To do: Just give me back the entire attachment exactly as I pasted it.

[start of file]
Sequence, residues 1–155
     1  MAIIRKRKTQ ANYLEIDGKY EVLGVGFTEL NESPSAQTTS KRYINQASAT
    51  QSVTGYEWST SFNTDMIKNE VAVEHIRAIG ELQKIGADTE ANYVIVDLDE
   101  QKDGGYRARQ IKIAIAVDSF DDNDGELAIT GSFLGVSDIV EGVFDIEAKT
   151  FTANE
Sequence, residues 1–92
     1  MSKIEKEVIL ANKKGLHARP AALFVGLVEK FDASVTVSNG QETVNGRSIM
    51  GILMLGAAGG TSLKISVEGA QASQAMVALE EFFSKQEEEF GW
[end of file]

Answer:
Sequence, residues 1–155
     1  MAIIRKRKTQ ANYLEIDGKY EVLGVGFTEL NESPSAQTTS KRYINQASAT
    51  QSVTGYEWST SFNTDMIKNE VAVEHIRAIG ELQKIGADTE ANYVIVDLDE
   101  QKDGGYRARQ IKIAIAVDSF DDNDGELAIT GSFLGVSDIV EGVFDIEAKT
   151  FTANE
Sequence, residues 1–92
     1  MSKIEKEVIL ANKKGLHARP AALFVGLVEK FDASVTVSNG QETVNGRSIM
    51  GILMLGAAGG TSLKISVEGA QASQAMVALE EFFSKQEEEF GW